Saul rages, and orders his bodyguards to kill Ahimelech and all the high priests. They balk. This is an abomination. Even Saul’s faithful followers know that he is ordering a horrible murder. I picture Saul screaming and raging, and then Doeg, who is not an Israelite, and who is cunning and ambitious, does the deed. He murders 85 priests that day. He continues on afterwards, and directs the murder of all of their families and the destruction of the village at Nob. With eighty-five men, plus their wives and children Saul, through Doeg and Doeg’s men, murdered two-hundred people or more.

However, they missed one. Abiathar, son of Ahimelech escaped, and he took his priestly garment (called an “ephod”) with him. He fled to David and told him what happened.

Then David said to Abiathar, “I knew that Doeg the Edomite was there that day and that he was sure to report to Saul. I myself am responsible for the lives of everyone in your father’s family. (1Sam 22:22, HCSB)

David’s response is remarkable. Saul is the one who ordered the murder of the priests. Doeg is the one who carried it out and did the actual killing, probably assisted by some underlings. But David says, “this was my fault. I am responsible for the loss of those lives.”

You see David had a heart that God loved. It wasn’t because David was perfect. He lied when he was running from Saul. But he was open, willing, humble and even repentant. When Samuel confronted Saul about the sins he committed, Saul’s response was always something like: well I had to do it. Circumstances demanded it. I was losing men.” David could easily have said, “I had to lie to save my life.” He might have said, “It was an extreme situation, calling for extreme measure. Besides, I’m not the one who killed them. But instead, his response is: “I was responsible for this great tragedy.”

This is not to say that David was blind to the evil of Saul and Doeg. At this time he wrote Psalm 52, in which he castigates the evil of Doeg, and by implication, Saul. In David’s eyes, their biggest sin is this:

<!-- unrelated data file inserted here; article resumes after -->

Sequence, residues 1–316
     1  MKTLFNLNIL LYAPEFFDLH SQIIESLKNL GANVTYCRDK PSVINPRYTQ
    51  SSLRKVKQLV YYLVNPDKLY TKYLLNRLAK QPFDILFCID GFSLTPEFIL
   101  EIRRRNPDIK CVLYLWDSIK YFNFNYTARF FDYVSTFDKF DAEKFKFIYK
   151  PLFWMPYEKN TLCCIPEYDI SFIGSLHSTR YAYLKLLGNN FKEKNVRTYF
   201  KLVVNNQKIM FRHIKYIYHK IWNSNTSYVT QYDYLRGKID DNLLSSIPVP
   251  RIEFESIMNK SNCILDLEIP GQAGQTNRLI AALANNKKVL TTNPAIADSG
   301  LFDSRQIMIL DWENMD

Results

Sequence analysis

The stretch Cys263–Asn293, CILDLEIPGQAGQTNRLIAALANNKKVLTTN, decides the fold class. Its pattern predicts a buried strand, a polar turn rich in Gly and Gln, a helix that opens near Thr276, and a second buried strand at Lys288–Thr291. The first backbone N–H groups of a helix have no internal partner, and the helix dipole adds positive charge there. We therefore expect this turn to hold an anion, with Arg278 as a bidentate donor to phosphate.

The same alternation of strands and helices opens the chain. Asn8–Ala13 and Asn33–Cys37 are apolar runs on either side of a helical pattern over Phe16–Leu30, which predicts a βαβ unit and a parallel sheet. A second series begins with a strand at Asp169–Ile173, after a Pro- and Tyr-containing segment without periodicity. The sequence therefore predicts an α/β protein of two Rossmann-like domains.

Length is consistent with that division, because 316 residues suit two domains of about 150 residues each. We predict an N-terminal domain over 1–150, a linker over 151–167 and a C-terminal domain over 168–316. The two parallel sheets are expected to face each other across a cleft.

Here is the man who would not make God his refuge, but trusted in the abundance of his riches, taking refuge in his destructive behavior. (Psalm 52:7)

What is even more amazing is what David wrote next. Remember he is still hiding in fear of his life. Remember, he had no more reason to trust the Lord than you and I do.

But I am like a flourishing olive tree in the house of God; I trust God’s faithful love forever.

I will praise you forever for what you have don. In the presence of your faithful people, I will put my hope in your name, for it is good. (Psalm 52:8)

As always, the Lord brings some good out of every terrible situation. David is his chosen servant. Now David has both a prophet and a priest to worship with him, and give him godly counsel. And unlike Saul, David humbly and willingly receives what God says through them.

Now what does all this mean for us today?

Maybe you need to hear the specific practical advice that you should take care of your family, and even your parents when they are unable to take care of themselves.

Perhaps you face the temptation that Saul had, to let your insecurity rule you. Do your fears drive away the people you love, or cause them harm? I doubt anyone reading this has committed murder on the scale that Saul perpetrated that day. Even so, the difference between faith and doubt is huge, and matters a great deal. Without trust in the Lord, if we trust only in ourselves, like Saul, we are doomed to hurt those around us. See how much better it is to be like David and put your trust in the Lord alone.

Like David with Gad and Abiathar, do you have godly spiritual advisors who listen to the Lord and have permission to speak honestly into your life? If not, ask the Lord to send you a few.

There is one last thing. Last time we talked about the concept that in the Old Testament we find people or events that remind us of Jesus, or show us what Jesus is like, or what following him is like. There is another one this week. More than two hundred people lost their lives for helping David. So today and throughout all history, people around the world have been persecuted and killed for following Jesus. It is a reminder that we should pray for those who are persecuted today, and also that we should be ready to make a choice between our own life and our obedience to Jesus.

Let the Holy Spirit speak to you about all this right now.